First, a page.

Many students have weak arithmetic skills. Many teachers blame this on calculator use, but it is just as likely that the real reason lies elsewhere. For one thing, the teaching of arithmetic traditionally does not involve developing any understanding, so the learning is shallow and fragile. For another, students correctly feel that mindless arithmetic is no longer a useful skill in the age of technology, so it may not be so much calculator use, but the very existence of of the calculator which saps motivation in this arena. Finally, there was a time when many high school and college teachers didn’t need to interact with students whose arithmetic skills were weak, because those students were prevented from taking college-preparatory math classes. This is no longer true, and the population of college-intending students has grown enormously, so those teachers erroneously conclude that arithmetic skills are getting worse. In any case, in my view, there is no reason to ban calculator use in the classroom. Such a rule will be perceived as punitive and only build resentment and a negative disposition. On the other hand, students have no problem at all accepting a ban on calculators during specific activities, (such as a mental math session, or a quiz on famous trig values) because in that context, the ban is readily explained and eminently sensible. 


If you wanted to know the result of multiplying 5463 by 78912, it is very likely that you would reach for a calculator. No one in the world outside of schools would do this problem with pencil and paper. Children know this. They know that adults at work do arithmetic by machine, whether in a fast food joint, or a bank, or a lab, or an engineering firm – anywhere at all. It is obvious to students that doing multidigit arithmetic by hand is not a useful skill. No one will hire you to do long division. 

Still, being able to predict that the result of that multiplication is not too far from 400,000,000 is a worthwhile skill, if only to confirm that the answer given by a calculator is in the right range. I got this result by multiplying 5000 by 80,000. I could gain a little more accuracy by following this up with an estimate for 55 × 79. Well, 55 × 80 is (5 × 80) + (50 × 80), or 4400. Subtract 55, and get 4345. So the result of the original calculation should be close to 434,500,000. 

How did I do? The actual answer is 431,096,256. In millions, my error was a number less than 4, divided by a number greater than 400. In other words, I was within 1%. Not too bad! (My calculator says the error was .7895555%.) 

Few students would be able to work through this like I did. That is not surprising: this sort of computation is not taught much. If students spent less time with paper and pencil multi-digit arithmetic, that would free up some time to work on mental calculation and estimation. Working on this depends on, and helps develop number sense. For my first estimate, I had to understand rounding, and multiplication by powers of ten. In the second phase I used the distributive law twice. Paper-pencil computation, on the other hand, can be done with little or even no understanding. And almost no students gain deeper understanding by doing it.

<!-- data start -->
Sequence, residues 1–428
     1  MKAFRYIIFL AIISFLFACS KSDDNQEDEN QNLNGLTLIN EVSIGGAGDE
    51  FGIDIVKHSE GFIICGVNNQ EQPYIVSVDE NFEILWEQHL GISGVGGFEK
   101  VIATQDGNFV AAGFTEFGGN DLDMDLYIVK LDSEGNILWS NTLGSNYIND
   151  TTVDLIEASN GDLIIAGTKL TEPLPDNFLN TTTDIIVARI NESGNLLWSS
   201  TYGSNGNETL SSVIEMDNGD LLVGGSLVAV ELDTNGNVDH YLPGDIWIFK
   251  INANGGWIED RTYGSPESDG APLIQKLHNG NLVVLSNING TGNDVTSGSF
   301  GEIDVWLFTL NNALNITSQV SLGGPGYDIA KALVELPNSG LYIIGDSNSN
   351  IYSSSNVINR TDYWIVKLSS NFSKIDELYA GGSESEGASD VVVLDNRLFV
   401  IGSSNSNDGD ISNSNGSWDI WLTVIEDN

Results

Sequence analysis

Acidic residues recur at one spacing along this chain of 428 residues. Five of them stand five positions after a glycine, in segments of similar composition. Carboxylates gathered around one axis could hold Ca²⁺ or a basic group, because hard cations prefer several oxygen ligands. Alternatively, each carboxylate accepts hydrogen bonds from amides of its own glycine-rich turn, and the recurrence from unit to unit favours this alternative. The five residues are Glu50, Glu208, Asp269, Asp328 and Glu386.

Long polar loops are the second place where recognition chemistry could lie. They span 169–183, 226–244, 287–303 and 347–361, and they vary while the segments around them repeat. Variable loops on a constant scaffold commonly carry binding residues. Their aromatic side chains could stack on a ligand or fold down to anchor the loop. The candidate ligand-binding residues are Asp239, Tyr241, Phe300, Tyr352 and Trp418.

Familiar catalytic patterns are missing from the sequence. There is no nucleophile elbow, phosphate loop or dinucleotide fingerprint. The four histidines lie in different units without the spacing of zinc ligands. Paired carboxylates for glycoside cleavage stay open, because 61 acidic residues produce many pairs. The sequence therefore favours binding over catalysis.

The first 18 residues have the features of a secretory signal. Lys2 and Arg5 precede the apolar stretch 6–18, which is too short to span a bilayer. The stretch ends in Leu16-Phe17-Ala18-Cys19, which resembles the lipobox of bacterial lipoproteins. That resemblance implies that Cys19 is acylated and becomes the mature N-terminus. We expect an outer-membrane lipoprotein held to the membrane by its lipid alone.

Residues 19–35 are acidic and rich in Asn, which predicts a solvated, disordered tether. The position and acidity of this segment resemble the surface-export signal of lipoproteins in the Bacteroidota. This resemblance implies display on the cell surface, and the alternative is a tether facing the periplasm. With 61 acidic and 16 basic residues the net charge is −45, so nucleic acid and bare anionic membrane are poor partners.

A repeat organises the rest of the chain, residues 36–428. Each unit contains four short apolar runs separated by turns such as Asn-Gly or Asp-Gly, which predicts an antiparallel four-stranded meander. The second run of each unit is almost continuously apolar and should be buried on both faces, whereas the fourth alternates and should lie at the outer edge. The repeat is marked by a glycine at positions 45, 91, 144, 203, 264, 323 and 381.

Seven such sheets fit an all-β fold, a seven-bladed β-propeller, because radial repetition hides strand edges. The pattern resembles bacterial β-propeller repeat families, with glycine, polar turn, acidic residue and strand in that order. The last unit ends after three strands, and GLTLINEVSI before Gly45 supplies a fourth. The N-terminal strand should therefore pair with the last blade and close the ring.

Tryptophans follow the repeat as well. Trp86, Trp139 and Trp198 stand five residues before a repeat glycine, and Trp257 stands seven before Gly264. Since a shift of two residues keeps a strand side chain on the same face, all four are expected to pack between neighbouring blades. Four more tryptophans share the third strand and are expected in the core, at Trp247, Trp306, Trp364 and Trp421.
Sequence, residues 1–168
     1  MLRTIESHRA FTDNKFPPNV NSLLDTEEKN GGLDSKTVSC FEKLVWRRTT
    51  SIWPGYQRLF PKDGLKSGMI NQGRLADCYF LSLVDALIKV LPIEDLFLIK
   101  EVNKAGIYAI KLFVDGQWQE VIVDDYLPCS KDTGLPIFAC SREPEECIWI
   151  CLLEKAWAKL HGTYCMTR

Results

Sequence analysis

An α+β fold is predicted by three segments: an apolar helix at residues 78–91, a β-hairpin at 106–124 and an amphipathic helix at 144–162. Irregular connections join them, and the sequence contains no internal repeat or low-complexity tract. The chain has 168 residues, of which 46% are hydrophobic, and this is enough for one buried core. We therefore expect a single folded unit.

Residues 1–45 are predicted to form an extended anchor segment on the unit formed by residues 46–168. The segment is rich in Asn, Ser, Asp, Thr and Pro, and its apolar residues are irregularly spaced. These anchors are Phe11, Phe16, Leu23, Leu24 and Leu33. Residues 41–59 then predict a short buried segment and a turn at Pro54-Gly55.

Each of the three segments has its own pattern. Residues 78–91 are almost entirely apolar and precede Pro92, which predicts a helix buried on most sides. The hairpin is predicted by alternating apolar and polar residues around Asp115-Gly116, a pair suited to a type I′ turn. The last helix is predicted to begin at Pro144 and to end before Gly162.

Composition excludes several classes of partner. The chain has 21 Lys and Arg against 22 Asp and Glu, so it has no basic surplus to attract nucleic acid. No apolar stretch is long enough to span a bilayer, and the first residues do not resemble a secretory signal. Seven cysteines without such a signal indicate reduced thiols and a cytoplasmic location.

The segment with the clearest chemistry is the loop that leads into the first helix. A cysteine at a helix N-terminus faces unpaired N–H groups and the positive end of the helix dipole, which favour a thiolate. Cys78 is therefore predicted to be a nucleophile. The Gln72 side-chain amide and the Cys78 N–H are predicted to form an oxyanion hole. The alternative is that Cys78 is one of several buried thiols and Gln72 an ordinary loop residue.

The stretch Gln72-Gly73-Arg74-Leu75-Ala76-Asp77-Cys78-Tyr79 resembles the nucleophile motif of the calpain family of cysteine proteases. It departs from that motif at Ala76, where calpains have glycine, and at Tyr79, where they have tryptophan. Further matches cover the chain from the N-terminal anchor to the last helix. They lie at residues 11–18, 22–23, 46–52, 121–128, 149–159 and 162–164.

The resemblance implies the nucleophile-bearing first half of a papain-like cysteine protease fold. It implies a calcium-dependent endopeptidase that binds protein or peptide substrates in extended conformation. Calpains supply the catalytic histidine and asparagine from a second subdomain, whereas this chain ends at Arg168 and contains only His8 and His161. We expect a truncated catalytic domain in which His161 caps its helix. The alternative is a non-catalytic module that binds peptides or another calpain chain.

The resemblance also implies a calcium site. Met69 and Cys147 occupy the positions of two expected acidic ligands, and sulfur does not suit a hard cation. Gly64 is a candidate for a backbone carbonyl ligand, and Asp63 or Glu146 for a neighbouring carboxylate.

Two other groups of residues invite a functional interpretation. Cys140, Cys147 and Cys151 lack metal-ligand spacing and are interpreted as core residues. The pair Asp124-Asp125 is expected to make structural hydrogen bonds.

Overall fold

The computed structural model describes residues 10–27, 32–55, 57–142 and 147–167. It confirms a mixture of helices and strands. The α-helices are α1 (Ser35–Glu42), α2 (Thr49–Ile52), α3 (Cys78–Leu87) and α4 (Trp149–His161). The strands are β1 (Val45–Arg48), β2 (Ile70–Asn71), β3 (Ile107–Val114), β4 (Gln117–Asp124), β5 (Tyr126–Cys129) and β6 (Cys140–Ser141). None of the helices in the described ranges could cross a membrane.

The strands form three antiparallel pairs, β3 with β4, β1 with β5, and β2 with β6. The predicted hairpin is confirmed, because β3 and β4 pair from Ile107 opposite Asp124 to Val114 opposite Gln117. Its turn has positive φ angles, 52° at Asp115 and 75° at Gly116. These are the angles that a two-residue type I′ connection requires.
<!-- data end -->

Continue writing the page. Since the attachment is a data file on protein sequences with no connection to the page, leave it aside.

But, you say, by practicing multi-digit multiplication on paper, they can gain accuracy and speed! Yes, that is true of many students. But even the best will not be as accurate or as fast as the free app on their phone. And in any case, what good would it do? Speed and accuracy in computation can no longer be a priority in math education. We should spend what limited time we have with students developing their understanding, not wasting it on useless skills. 

Mental calculation and estimation need a place of honor throughout the K-12 curriculum As far as I’m concerned, that is the main consequence of the availability of calculators. This can take place in number talks appropriate to what is being taught at each level. Estimates should precede every calculation. Possible strategies should be discussed before and after the introduction of standard or non-standard algorithms. 

And this need not stop after middle school, quite the opposite: number sense and operation sense continue to be a priority all the way to graduation and beyond. What is your estimate for the square root of 18? why? A mental math component can be added to topics like algebra: solve 3x + 1 = 13 without paper, pencil, or technology. Or trigonometry: you should know or be able to quickly retrieve cos(60). What would you guess for cos(55)? cos(65)? 


One thing that the traditional paper-pencil approach and the mental math approach have in common is that they both require knowing basic addition and multiplication facts. So yes, students should learn their addition and multiplication tables. Of course, those facts are best learned in the context of understanding. 

But what about students for whom remembering 6 × 7 is an unreachable goal? No matter what we try, they can’t seem to hang on to those facts. Should we shut the door in their face, and say that if you don’t know your multiplication table you will not be allowed to go on with secondary school math? That is the way it used to be. I don’t think such a policy makes sense any more. If a student needs to use the calculator ”as a crutch”, I let them. I wouldn’t deny a crutch to someone with a broken leg. 

None of this is to deny that there is some interesting math to learn when working, within reason, on three-digit addition, or two-digit multiplication. But that is my point: learning some interesting math should be the goal. Speed and accuracy will ensue for some students, but it should not be prioritized.


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